Phone manufacturers, service providers, and third parties are happy to provide you with insurance on your cell phone. However, accident protection is usually not included – or makes the insurance plan prohibitively expensive.
HTC is attempting to distinguish itself from the competition with the “Uh-Oh” Protection plan. Consumers who buy a new HTC One M8 can claim a free replacement phone during the first twelve months of service. That not only includes cracked screens, but also water damage, including the dreaded plunge into the toilet — an “uh-oh” moment if ever there was one. The program eligibility will switch over to the M9 model after August 31st, 2015.
The offer even applies through a switch of carriers, and given the trend toward carriers enticing consumers to switch by paying off their early termination fees, this policy could be a big advantage for HTC. According to a March 2015 survey by Google Insights, 69% of the respondents with damaged phones noted that the damage took place within the first year after purchase, 25% continued to use the damaged phone, and 47% of the respondents opting for repair spent at least $100 on the repair.
To take HTC up on the offer, you will need to send the old phone back (it’s your call whether you would rather buy a new phone instead of fishing your old one out of the toilet). You can have a replacement the next business day if you are willing to accept a temporary $299 credit card hold until HTC receives the damaged phone. Otherwise, you can use a prepaid mailing label supplied by HTC and receive your replacement within two days of HTC receiving your old one.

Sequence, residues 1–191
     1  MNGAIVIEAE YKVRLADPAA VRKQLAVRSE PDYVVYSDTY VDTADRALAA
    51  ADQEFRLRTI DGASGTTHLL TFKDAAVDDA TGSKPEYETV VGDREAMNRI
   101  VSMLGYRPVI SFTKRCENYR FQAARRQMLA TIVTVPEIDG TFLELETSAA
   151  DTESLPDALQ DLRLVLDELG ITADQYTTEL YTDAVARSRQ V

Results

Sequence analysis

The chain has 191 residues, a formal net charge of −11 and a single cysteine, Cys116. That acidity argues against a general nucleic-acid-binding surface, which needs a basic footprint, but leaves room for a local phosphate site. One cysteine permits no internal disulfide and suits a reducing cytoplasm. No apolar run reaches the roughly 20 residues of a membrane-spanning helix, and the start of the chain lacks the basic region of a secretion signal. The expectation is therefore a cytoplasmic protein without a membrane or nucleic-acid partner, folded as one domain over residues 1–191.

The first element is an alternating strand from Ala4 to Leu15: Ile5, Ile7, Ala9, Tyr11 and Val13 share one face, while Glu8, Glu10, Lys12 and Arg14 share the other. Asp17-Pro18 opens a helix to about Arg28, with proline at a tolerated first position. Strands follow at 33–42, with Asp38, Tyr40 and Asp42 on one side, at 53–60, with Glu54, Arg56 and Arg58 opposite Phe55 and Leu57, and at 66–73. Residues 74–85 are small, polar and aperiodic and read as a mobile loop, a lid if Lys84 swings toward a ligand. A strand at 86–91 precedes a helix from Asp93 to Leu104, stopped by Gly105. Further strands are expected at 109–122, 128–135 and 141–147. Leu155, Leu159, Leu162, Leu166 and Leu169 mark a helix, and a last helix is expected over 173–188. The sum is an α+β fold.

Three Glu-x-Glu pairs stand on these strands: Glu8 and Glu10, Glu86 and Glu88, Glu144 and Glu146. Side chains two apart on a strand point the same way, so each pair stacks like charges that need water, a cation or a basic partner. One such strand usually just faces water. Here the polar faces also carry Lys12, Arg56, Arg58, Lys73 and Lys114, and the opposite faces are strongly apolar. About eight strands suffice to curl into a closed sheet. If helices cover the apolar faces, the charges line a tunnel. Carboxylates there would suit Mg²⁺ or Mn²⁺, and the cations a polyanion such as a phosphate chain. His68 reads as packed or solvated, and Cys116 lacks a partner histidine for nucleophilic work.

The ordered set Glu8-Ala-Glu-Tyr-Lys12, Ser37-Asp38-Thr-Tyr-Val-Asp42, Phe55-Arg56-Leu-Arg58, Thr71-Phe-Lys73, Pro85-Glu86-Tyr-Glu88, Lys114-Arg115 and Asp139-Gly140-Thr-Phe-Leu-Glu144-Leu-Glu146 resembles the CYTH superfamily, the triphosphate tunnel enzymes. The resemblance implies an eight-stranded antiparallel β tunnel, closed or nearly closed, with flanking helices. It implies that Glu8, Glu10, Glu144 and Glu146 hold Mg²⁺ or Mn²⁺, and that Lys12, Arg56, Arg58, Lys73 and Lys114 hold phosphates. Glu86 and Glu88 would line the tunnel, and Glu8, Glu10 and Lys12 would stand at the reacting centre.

If you are replacing the phone and not the carrier, simply swap the SIM card from the old phone into the new one and you will be prompted from there. If you backed up the phone to the cloud, you should be able to restore your settings.
There are some limitations on the protection program. The “Uh-Oh” policy may not apply if the serial number has been erased, modified, or made illegible. Unauthorized modifications/repair and battery tampering void the policy. Finally, the policy will not cover damage “caused by use not in accordance with the user manual, or rough handling beyond normal use.”
Translation: Do not hit your phone with a hammer just to get a new one. If your accidental damage is unusual in nature — say somebody runs over it with a car — you may have a tough time getting HTC to agree to a replacement.
You are also limited to one free replacement in that twelve-month period after purchase, so try not to drop your phone in the toilet more than once.
What if you do not need a replacement phone during that time? HTC will reward you by giving you $100 off the purchase price of your next HTC One. Not only is this a good customer service move by HTC, it is also a savvy one. People may prefer to keep phones with a minor cracked screen in the short-term and cash in the $100 on the next upgrade instead, thus cutting down on HTC’s total number of redemptions.
If you are both an Android system user and a klutz, you may want to consider HTC’s new program. Rules and conditions may be found at http://www.htc.com/us/uh-oh-protection/terms. You may still have to fish your phone out of the toilet, but at least you will get a free new phone in addition to soggy hands.